The Trap of Entitlement: Who Is the Real Veruca Salt?
Veruca Salt Lives On
Our society has nearly toppled over under the weight of entitlement. Everywhere I look, I see people believing wholeheartedly that they deserve more: from children at the grocery store screaming for Reeses Pieces to middle-aged men at the bar bemoaning their salaries. Try walking through a Walmart some evening without bearing witness to feverish and unsettling expectation. It's impossible. I'm sometimes as guilty as anyone else (though never at Walmart), but I try to keep perspective. Too often, we make our lives about what others ought to do for us, and in the process, we lose a sense of the greatest gift we’re naturally given, our own initiative. At the end of the day, there's no substitute for drive. It's the fuel for self-worth; it keeps us out of the bottomless pit of entitlement. Without an understanding that we may fail at a task, we never reach our true potential. Just imagine if all those craving people lived at Walmart; they'd never leave, they'd never see a reason to venture outside.
But Charlie Won the Factory
There’s no limit to what each of us can acquire if we’re willing to toss aside our core belief that someone else ought to be handing these things over. Too often, we expect things when we should stop at wanting them. If you’re wondering what's ultimately keeping you from being able to afford that new house, it’s a sense of entitlement. Want a closer family? Same problem. If you want a new house, what’s truly stopping you from going out and getting it? Money? Get the training for a new job, or better yet, create your own income by starting your own business. If you want a closer family, what’s keeping you from making it happen? After all, if you aren’t in a position to repair those frayed relationships, no one is. The path to your goals might feel as long as the 12-items-or-less lane at the grocery store, but you need to be willing to start. Stop making excuses, because excuses are the mainstay of a sense of entitlement.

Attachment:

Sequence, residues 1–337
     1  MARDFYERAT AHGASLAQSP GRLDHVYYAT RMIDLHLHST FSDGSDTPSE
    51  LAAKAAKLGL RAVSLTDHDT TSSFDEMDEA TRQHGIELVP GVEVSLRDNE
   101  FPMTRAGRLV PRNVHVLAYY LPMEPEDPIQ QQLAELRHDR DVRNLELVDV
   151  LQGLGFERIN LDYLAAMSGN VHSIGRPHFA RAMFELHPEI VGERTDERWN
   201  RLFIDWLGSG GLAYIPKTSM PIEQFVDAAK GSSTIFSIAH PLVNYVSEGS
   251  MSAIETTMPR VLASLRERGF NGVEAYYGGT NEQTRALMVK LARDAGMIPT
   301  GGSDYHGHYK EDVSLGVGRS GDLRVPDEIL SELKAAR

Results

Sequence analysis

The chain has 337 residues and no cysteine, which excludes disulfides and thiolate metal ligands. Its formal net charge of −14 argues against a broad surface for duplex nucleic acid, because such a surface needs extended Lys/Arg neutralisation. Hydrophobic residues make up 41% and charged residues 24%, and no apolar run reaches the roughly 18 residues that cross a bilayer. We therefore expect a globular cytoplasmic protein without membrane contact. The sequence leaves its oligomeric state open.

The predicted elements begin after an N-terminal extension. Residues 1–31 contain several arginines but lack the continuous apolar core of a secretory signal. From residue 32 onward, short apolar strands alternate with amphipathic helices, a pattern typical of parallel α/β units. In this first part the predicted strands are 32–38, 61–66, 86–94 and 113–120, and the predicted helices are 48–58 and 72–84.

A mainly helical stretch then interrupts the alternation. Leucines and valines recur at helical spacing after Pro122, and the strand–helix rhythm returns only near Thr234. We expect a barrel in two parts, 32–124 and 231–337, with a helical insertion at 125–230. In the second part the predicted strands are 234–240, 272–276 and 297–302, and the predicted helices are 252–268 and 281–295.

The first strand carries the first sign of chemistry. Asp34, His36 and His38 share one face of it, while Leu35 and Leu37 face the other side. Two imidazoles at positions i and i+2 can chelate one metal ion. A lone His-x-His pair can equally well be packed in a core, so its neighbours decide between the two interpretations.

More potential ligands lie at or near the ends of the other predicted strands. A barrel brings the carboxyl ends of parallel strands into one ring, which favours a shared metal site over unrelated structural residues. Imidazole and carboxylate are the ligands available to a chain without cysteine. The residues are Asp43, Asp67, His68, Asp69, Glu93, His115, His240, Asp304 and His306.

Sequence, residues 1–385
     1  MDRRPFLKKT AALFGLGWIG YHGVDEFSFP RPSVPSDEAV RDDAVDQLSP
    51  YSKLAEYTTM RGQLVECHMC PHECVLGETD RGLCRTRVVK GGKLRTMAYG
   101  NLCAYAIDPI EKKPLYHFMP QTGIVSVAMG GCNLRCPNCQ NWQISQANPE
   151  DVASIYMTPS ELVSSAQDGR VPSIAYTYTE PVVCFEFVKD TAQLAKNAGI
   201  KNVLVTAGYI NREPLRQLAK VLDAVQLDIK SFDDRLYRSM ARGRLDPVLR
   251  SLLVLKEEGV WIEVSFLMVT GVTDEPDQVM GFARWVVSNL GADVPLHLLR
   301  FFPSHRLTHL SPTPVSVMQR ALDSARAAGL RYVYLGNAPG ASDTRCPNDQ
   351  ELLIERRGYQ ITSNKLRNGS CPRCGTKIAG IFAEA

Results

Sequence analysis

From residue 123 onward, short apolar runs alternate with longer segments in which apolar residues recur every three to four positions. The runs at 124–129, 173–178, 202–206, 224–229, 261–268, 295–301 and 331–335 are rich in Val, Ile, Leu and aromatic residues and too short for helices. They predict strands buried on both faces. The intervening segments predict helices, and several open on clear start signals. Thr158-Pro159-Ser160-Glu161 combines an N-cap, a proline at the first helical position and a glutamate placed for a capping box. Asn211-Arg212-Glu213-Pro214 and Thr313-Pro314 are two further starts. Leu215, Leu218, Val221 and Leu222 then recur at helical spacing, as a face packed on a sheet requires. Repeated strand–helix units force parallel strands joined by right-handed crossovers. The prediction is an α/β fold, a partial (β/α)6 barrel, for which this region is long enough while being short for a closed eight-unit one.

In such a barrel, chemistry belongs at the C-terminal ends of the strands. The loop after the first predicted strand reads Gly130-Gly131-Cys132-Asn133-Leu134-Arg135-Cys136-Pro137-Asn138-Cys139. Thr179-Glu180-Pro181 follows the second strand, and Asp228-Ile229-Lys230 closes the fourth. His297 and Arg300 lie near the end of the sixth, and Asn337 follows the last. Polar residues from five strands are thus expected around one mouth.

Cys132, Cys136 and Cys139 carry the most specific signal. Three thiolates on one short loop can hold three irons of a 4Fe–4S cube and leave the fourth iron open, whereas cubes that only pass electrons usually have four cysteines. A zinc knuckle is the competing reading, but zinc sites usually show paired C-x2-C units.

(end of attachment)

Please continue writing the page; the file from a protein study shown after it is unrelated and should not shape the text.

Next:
Not sure you believe me? Test yourself.
Remember the last time you got into a fight with your husband or wife? Boyfriend or girlfriend? It doesn’t matter what it was about, exactly. All that matters is that you fought. Your end of the fight was probably in part due to an expectation that he or she should do for you what you really ought to do for yourself. Maybe it was about money--well, go out and make more. Maybe it was about the kids--well, do your share of the work for a change. Maybe it was about pressures at work--well, find something better or figure out how to channel your stress. Even if your fight were about some truly awful act committed by your significant other, isn't it your sense of entitlement that causes you to expect something different after all this time? Shouldn't you stop expecting other people to fix your life for you? If you don't want change, that's fine, too, but then there's no need to fight about it.
Into the Glass Elevator
All of us need support. My wife and I have received our share over the years. There’s nothing wrong with getting help in life. What’s important is whether you feel it’s owed to you. Here’s the truth, about as directly as it can be stated: No one owes you anything. It took years before I fully understood this. Not in the I know, I know kind of way, but in the purest and simplest measure: No one owes you anything. It is both terrifying and liberating to breathe in this truth. It is a realization that starts the second chapter in your life, the first chapter being ensconced in the “truth” that someone out there ought to be blamed for your own lack of trying. At the end of the day, you do deserve one thing: you deserve the opportunity to embrace the future as a consequence of your own choices. There couldn't be a better reward.
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